Street markets occur in small towns across America, so what’s so special about the Big Rapids farmers market?
The city of Big Rapids hosts a farmers market in the parking lot of city hall every Tuesday and Friday from May to October. With a wide variety of vendors participating, shoppers can buy anything from fresh produce to glass art pieces.
Charity Archer, a local glass artist and certified mosaic tiler, has been perfecting her craft for four years now.
Glass art entered her life when she had the idea of having glass necklaces containing her late parents’ ashes made for her and her siblings. She was inspired to make them herself, even though glasswork is a hobby that requires patience and practice.
With the help of local, family friend Derek Allison, her dream came true. Allison made four pendants with Archer’s parents’ ashes, and he encouraged the artist within Archer. After two months, Archer was making beads, and after six months she started working with soft glass.
“It was a very frustrating process,” Archer said. “I set my table on fire, the floor on fire and maybe a part of my cabinet and a part of another table.”
She never gave up on this art, and she has been constantly learning, growing, failing and learning some more.
Archer’s eyes light up when she talks about the art of making glass.
“Blowing glass has taught me how to meditate, live in the moment and be present,” Archer said. “I’ve gotten a lot of gifts from being involved in the glass world. Glass making has taught me that failure is absolutely okay and 100% necessary for me to grow. Without trying, I would never know what I can and can’t do and how I can improve.”
Archer loves to have people watch her craft. Her studio, which was made for her by her husband, has a spot designated for clients to sit, color, play with instruments and be inspired by the art she is making.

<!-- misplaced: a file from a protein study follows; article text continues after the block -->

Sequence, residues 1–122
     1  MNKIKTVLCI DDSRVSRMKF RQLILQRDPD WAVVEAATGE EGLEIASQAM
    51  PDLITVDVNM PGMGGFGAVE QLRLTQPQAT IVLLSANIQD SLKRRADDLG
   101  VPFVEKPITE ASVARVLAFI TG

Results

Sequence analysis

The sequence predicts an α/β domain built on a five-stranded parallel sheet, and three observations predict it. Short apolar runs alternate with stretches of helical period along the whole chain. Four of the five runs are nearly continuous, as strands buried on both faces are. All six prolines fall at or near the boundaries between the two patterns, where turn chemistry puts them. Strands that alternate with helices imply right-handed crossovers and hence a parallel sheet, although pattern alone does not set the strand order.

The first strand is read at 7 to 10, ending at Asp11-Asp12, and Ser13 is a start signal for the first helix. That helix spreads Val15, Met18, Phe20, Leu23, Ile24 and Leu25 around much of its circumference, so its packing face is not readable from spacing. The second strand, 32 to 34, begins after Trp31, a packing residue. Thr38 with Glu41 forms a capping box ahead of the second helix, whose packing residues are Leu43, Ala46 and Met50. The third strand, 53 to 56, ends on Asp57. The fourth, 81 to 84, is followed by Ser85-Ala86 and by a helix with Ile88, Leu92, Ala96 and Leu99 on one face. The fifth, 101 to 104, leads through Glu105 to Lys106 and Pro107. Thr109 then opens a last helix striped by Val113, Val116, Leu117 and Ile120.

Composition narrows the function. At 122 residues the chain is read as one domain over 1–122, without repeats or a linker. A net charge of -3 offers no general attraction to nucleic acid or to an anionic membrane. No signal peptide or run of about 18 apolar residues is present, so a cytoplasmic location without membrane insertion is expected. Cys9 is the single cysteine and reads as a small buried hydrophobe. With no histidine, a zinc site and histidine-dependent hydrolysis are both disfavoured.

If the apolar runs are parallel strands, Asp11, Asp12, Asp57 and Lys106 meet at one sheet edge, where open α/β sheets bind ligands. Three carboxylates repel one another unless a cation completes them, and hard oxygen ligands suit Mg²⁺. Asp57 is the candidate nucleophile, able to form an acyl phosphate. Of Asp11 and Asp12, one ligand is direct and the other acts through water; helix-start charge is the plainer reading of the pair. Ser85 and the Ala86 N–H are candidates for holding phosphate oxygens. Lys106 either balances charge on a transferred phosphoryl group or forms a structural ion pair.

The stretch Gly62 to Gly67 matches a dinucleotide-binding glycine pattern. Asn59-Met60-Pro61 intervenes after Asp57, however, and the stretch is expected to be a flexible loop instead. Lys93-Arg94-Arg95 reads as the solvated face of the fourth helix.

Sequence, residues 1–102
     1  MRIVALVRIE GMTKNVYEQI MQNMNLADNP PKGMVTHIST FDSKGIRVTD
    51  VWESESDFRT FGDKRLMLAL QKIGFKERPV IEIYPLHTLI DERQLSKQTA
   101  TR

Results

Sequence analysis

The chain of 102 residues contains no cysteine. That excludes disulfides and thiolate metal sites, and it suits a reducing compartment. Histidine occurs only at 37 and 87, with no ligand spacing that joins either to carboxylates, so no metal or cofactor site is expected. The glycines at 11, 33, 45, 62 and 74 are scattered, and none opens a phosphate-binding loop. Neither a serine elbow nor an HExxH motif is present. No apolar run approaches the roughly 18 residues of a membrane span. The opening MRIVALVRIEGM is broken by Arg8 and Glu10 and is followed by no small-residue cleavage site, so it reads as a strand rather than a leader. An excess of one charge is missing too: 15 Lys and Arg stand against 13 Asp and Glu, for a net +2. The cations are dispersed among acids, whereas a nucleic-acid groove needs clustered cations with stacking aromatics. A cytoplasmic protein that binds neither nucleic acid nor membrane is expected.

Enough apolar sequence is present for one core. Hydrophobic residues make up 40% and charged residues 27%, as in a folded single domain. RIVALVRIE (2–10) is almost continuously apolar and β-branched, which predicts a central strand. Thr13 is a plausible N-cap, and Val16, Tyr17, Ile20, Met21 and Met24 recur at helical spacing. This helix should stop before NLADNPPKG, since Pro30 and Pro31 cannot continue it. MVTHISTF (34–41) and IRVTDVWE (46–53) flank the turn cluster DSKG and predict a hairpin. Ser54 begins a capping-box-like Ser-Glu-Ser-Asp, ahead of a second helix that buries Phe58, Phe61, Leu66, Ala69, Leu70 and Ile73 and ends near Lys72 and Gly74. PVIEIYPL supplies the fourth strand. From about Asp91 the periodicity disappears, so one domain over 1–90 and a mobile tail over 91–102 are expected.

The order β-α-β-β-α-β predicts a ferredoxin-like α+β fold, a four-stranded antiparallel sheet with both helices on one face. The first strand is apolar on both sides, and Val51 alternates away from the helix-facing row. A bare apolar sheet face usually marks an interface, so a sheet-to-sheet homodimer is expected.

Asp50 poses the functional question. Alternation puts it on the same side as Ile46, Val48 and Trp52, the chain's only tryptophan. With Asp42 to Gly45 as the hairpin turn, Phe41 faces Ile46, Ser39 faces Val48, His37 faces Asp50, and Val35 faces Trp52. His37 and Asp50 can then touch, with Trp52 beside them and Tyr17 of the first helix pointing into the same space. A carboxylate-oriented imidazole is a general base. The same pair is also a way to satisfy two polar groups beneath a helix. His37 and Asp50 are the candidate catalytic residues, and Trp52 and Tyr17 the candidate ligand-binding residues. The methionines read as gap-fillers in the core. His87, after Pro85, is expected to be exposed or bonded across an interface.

At the farmers market, positive messages and handmade motivational bracelets fill up one stand. Kim Purdue, a Ferris alumna and owner of Project You Yoga, decided to join the farmers market community this past April.
Purdue wanted to spread positive messages throughout the community to inspire and uplift those around her.
Another artist at the farmers market is Rose Stahl, a Big Rapids resident of 14 years. She has been making jewelry since she was a teenager. She began selling at the farmers market five years ago.
Stahl is very passionate about her work, and she attends the farmers market every Tuesday and Friday. She prides herself on staying stocked and up to the times.
“I make everything, and I’m making things every day… I just changed my displays, and I’m always working to make sure that they’re all full,” Stahl said.
Fiona McCoy, a freshman in the pre-dental program, rushed to the farmers market after she learned about it in her 9 a.m. class. When she got there, she was instantly drawn in by the fresh kettle corn.
“I have a farmers market like this back home, and I used to love coming to the market on the weekends,” McCoy said. “It was one of my routines.”
The farmers market is a place to support small businesses and engage with the community. This wholesome small town scene is a must-go on your fall bucket list.